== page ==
Muse in the Morning

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Late Night Karaoke

Tar Sands Oil Spilled In Arkansas

Cross posted from The Stars Hollow Gazette

On Friday, a 20 inch pipeline carrying Canadian heavy crude oil ruptured in Arkansas flooding the town of Mayflower with 84,000 gallons of the world’s dirtiest oil. The pipeline was carrying Canadian Wabasca Heavy crude, a heavy bitumen crude diluted with lighter liquids to allow it to flow through pipelines. the oil is produced in the Athabasca region, where the oil sands are located.

According to Exxon, the Pegasus pipeline carries 90,000 barrels of oil per day from Pakota, Illinois, to Nederland, Texas. The proposed Keystone XL pipeline will carry 800,000 barrels per day from Canada the Gulf Coast refining hub. This is the second spill of Canadian oil in the past week. A tanker train derailed in Minnesota spilling 15,000 gallons of oil.

This has prompted critics of Keystone XL, to point out the dangers of the pipeline and urge the president to reject the permit. “This latest pipeline incident is a troubling reminder that oil companies still have not proven that they can safely transport Canadian tar sands oil across the United States without creating risks to our citizens and our environment,” said Rep. Edward J. Markey (D-MA), the ranking Democrat on the House Natural Resources Committee.

Chris Takkett at Treehugger explains what happens when a pipeline breaks:

I’m no engineer, but from what I understand, when a section of pipe ruptures, the quantity of oil that can spill is as large as the pipe is thick and long until you reach the nearest shutoff valve. It also depends on how fast the pipeline operators notice the spill, shut off the flow and close the leak.

At Crooks and Liars, Diane Sweet noted:

In 2009, Exxon modified the capacity of the Pegasus pipeline, increasing the capacity to transport Canadian tar sands oil by 50 percent, or about 30,000 barrels per day. In a 2012 report, Bloomberg News reported the pipeline daily capacity to be 96,000 barrels of oil per day.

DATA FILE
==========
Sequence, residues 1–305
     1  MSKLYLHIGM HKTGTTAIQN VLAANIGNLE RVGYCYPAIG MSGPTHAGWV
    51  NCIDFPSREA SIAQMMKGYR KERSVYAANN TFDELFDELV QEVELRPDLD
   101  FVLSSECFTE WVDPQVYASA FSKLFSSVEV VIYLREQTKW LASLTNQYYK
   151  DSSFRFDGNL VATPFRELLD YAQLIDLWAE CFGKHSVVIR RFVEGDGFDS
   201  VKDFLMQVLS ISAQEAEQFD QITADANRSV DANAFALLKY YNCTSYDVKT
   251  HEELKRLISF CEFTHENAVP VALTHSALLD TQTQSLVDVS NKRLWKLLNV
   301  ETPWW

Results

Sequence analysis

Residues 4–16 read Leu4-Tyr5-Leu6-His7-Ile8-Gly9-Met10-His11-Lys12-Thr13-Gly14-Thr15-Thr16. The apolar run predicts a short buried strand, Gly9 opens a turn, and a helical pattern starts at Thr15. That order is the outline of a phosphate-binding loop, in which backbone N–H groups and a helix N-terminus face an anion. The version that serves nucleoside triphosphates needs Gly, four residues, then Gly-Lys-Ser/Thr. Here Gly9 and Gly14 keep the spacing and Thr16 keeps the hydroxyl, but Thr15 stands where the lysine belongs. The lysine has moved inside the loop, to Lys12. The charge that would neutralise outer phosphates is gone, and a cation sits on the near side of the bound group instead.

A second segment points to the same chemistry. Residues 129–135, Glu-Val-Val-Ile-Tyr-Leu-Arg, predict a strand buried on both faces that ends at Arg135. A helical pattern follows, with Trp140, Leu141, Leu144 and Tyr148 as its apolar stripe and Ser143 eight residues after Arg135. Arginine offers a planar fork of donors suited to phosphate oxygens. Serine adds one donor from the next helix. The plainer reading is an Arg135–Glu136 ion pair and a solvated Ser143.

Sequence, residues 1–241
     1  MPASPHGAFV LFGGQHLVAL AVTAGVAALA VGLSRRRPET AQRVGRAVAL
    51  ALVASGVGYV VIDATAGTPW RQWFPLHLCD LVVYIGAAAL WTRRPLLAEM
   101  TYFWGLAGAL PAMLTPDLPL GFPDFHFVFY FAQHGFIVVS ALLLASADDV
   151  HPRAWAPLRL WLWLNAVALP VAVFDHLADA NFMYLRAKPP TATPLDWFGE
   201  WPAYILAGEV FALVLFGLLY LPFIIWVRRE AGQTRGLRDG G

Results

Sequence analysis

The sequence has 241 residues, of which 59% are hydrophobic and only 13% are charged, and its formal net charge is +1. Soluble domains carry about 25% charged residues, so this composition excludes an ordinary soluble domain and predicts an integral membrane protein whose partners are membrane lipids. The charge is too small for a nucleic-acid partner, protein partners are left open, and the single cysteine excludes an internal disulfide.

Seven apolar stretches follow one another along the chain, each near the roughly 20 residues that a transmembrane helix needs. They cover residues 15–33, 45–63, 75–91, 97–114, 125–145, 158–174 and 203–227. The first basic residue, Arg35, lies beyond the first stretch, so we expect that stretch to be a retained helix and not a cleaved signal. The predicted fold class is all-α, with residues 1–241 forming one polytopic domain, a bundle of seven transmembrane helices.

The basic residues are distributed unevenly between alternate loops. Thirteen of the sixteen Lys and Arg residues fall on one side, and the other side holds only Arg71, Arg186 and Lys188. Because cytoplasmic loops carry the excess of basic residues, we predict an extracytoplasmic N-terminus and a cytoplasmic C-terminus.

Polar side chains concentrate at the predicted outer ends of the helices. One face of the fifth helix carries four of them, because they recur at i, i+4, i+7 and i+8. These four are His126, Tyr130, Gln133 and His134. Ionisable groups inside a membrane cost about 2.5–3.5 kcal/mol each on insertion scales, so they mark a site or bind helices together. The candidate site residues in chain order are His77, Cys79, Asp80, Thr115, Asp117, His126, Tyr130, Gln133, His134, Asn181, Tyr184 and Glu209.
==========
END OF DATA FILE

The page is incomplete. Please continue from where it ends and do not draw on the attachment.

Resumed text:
Tar sands oil is the most toxic fossil fuel on the planet, that leaves in its wake scarred landscapes, a web of pipelines, and polluting refineries.

This morning on Democracy Now, Amy Goodman spoke with environmental activist Bill McKibben of 350.org about the spill.

The Sierra Club explains why this type of oil, diluted bitumen (dilbit), is different making it difficult to clean up:

NCAA Women’s Basketball Tournament 2013: Regional Final West

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(2) 73 California 25-9 (6) 63 LSU 22-12 West
(1) 59 Stanford 33-3 * (4) 61 Georgia 28-5-1 West

Matchup

Time Network Seed Team Record Seed Team Record Region
9:30 ESPN2 (2) California 25-9 (4) Georgia 28-5-1 West

NCAA Women’s Basketball Tournament 2013: Regional Final East

Results

Seed Score Team Record Seed Score Team Record Region
(1) 76 Connecticut 32-4 (4) 50 Maryland 26-8 East
(2) 69 Kentucky 30-5 (6) 62 Delaware 32-4 East

I must say with Baylor out I’m feeling much better about the Husky’s prospects.

Until they face Notre Dame.

Matchup

Time Network Seed Team Record Seed Team Record Region
7:30 ESPN (1) Connecticut 32-4 (2) Kentucky 30-5 East